Which Project Management type works best for translation?

For many in the Project Management (PM) role or looking to enter that role, PRINCE2 is the most talked about methodology used and therefore seems like the logical choice for all PMs to learn.

However, when I began project management in the translation industry a year ago, it soon became clear to me that PRINCE2 wasn’t the best option when running translation projects.

What is PRINCE2?

What is Translation Project Management?

In March, I wrote a blog post about what makes a good Translation Project Manager, in which I explored the qualities needed to get on in this industry. Just glancing over this, it’s clear to see that PRINCE2 is too rigid for not only the PMs; our productivity would surely drop if we had to complete so much documentation and follow such strict processes on projects with varying scope, but also for the benefit of our clients. With this in mind, let’s take a look at Agile Project Management:

What is Agile?

Translation projects are all about communication; it is key to successful completion and it is only right that the clients are involved throughout.

Language is forever evolving, and will therefore create changes along the way.

This can  make deliverables harder to define, but that’s why translation PMs have to be lateral thinkers. They must be flexible and get the best solution in what is often a short project.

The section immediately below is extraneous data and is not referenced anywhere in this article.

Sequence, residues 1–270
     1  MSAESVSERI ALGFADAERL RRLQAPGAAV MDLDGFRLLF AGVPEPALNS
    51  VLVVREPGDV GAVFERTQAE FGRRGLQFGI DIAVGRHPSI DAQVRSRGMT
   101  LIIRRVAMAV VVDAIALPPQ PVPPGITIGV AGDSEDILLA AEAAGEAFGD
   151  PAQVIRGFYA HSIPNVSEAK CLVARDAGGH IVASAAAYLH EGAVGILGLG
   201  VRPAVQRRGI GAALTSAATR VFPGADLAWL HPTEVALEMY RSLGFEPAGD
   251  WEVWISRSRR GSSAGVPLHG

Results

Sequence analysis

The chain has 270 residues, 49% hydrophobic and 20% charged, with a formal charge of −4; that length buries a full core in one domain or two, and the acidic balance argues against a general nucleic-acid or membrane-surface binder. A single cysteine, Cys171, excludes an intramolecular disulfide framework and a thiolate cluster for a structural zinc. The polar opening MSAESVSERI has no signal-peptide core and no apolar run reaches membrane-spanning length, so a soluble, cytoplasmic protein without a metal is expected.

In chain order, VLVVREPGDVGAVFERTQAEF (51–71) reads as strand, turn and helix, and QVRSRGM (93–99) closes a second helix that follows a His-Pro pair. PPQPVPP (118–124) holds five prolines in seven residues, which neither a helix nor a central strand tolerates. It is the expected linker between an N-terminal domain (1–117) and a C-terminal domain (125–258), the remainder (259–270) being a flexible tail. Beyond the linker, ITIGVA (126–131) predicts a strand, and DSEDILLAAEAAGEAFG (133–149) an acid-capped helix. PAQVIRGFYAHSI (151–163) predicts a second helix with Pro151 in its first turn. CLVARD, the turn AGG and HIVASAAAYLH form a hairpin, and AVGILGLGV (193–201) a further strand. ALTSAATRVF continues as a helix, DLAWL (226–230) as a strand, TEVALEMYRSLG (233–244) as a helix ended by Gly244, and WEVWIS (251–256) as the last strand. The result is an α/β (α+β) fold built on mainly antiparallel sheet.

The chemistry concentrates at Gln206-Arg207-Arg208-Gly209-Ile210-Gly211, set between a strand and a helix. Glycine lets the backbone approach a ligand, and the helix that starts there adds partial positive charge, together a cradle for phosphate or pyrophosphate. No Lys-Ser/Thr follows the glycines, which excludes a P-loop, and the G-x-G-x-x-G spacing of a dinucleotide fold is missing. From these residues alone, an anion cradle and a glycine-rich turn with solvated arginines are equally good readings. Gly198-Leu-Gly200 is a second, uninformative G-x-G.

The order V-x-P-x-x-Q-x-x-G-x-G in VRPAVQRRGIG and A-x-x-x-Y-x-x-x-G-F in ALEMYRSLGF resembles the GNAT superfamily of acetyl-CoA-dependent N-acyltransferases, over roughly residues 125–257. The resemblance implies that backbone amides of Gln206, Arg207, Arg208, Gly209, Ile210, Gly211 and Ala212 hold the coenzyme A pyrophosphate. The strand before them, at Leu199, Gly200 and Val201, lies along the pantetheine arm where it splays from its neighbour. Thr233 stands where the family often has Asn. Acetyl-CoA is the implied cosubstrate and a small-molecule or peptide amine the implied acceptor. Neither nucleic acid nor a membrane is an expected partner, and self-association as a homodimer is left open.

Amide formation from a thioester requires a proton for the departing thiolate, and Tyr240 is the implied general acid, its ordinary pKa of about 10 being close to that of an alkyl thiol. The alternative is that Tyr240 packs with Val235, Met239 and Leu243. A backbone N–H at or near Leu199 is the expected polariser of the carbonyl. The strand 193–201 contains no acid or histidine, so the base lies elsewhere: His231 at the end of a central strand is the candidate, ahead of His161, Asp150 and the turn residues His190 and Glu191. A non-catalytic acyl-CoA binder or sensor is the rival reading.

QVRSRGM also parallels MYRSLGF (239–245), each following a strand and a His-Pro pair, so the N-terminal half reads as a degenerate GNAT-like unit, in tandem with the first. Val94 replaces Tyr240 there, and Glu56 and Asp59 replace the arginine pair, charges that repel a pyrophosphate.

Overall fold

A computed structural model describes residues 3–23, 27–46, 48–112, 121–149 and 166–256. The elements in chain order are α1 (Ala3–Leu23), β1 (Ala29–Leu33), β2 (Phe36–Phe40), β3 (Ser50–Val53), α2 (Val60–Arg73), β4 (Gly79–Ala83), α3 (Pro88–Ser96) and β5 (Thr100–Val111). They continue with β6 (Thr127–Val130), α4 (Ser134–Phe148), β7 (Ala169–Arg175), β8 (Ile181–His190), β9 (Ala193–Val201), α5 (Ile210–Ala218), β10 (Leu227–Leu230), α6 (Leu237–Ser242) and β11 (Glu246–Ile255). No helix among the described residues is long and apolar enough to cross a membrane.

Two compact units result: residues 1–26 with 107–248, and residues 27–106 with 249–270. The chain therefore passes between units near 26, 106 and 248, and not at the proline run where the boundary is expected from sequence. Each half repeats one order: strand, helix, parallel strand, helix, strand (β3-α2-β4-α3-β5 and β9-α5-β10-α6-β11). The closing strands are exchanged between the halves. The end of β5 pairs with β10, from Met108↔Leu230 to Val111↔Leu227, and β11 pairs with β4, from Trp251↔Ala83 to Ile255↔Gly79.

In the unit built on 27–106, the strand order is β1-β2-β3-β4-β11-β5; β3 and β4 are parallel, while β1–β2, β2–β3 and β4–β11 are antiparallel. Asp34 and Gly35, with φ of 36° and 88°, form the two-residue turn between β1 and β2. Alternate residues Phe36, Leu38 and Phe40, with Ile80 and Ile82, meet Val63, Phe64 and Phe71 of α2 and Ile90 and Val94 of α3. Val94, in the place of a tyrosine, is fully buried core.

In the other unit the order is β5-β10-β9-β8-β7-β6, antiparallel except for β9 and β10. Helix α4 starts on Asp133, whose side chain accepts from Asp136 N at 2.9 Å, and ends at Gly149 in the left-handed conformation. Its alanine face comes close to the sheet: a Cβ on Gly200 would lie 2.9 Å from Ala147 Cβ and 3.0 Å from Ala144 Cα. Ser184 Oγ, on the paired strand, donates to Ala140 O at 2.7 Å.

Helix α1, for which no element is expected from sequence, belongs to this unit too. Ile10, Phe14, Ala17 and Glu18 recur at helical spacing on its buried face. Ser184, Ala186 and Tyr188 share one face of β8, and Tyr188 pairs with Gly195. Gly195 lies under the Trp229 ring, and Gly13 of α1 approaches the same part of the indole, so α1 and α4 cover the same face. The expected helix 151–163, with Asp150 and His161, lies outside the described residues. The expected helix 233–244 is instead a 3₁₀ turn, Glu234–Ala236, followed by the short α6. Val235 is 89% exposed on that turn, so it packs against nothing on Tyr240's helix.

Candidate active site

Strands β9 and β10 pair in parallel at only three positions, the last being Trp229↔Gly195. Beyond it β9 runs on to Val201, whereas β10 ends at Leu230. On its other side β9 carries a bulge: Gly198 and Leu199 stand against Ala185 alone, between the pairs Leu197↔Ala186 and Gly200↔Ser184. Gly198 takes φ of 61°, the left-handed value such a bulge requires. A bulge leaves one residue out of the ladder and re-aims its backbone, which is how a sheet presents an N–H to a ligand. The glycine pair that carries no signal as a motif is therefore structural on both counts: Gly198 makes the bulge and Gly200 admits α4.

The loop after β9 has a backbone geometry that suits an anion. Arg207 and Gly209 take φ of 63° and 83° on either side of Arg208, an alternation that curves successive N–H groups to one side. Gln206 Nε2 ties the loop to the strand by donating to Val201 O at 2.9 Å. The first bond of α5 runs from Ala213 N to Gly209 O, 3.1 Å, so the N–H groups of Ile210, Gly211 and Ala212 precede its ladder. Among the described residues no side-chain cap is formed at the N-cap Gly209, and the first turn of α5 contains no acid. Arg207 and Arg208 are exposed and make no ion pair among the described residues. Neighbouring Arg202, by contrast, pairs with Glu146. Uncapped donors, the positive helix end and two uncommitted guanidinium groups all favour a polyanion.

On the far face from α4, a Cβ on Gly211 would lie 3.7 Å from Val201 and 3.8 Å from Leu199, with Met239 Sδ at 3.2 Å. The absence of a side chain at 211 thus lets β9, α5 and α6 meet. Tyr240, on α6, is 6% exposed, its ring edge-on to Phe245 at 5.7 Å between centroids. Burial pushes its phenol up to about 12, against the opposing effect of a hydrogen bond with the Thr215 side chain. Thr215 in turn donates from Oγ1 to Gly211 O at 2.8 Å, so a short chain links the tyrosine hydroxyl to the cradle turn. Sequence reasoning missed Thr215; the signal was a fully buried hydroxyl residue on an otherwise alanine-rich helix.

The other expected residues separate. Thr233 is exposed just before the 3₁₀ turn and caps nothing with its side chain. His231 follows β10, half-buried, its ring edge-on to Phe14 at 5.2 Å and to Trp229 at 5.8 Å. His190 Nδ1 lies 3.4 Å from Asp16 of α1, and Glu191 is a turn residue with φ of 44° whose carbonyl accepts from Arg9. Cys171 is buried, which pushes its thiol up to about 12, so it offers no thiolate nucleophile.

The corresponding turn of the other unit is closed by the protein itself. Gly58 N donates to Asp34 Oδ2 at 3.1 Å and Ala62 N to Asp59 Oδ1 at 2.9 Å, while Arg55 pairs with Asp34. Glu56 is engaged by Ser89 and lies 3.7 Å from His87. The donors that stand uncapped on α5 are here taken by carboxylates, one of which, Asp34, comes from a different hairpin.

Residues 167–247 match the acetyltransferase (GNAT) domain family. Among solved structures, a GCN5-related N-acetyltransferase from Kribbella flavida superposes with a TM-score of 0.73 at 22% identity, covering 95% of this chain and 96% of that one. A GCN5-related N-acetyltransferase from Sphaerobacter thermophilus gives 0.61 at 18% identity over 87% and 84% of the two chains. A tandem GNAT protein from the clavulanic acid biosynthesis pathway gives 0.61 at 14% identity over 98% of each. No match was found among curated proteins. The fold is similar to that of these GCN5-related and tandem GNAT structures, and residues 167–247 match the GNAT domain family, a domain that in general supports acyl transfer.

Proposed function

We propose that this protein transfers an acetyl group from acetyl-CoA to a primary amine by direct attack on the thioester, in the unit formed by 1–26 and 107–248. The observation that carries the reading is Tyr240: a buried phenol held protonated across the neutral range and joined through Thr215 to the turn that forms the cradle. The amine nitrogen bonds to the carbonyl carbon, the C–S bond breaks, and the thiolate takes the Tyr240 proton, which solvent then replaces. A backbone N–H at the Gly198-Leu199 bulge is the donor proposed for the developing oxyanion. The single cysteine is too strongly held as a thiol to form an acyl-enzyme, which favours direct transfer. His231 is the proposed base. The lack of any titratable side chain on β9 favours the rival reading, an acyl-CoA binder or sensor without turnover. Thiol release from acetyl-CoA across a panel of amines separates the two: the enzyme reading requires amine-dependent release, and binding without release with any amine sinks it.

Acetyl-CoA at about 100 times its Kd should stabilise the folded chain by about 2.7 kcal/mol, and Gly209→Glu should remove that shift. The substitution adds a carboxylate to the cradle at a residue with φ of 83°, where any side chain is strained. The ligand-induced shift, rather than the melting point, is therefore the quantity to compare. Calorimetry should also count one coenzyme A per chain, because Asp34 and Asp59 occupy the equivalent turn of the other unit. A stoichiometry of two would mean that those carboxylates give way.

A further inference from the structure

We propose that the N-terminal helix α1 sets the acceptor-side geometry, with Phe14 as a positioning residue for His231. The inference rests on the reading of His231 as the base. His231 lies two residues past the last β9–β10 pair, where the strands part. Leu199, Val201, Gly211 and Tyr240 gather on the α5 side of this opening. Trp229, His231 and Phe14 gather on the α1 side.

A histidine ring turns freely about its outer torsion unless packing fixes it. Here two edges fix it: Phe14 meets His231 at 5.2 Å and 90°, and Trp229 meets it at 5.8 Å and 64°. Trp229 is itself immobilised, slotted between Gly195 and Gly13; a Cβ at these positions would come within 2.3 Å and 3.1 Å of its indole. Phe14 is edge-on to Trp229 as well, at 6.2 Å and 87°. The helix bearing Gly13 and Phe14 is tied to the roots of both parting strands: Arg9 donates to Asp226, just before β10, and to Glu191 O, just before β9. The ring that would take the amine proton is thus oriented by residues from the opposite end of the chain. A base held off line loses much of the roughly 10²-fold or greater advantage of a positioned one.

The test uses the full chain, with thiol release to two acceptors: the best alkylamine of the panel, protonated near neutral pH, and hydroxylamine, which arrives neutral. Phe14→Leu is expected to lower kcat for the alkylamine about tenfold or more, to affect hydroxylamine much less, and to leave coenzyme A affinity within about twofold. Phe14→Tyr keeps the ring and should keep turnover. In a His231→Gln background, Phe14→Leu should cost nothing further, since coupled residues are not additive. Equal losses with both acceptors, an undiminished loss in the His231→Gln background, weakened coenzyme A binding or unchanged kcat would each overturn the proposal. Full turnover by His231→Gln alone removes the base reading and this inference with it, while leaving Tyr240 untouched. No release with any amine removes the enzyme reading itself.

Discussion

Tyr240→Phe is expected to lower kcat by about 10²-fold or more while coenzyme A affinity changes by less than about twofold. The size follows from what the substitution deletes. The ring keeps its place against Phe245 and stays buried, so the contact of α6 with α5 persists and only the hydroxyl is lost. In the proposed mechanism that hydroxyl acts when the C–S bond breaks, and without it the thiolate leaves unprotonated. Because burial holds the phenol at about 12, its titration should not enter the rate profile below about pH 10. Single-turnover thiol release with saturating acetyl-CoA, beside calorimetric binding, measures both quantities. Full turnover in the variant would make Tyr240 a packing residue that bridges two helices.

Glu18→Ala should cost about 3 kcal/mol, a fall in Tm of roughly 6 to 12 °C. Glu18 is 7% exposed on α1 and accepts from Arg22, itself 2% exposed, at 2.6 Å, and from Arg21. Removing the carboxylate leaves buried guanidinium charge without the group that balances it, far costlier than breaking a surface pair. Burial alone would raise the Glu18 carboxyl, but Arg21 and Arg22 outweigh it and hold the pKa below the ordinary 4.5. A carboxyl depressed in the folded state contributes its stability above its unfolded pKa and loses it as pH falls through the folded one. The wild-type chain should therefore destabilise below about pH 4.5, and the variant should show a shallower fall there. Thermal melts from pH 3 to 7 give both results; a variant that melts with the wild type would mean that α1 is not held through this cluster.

Next time you’re looking for opportunities to develop your career in Project Management, remember that there are different methodologies available for a reason; they each have a different end purpose. I’ve no doubt that PRINCE2 continues to work very well in IT projects, but from my point of view, Agile is much better suited to translation project needs.


Steph is a Project Manager mostly in the Legal and Financial vertical at Capita TI, having been a Spanish and German teacher at Secondary and Sixth Form level for 5 years. She is also the Service Delivery and File Engineering representative for the Employee Engagement Group. When not at work, she’s usually doing sport.

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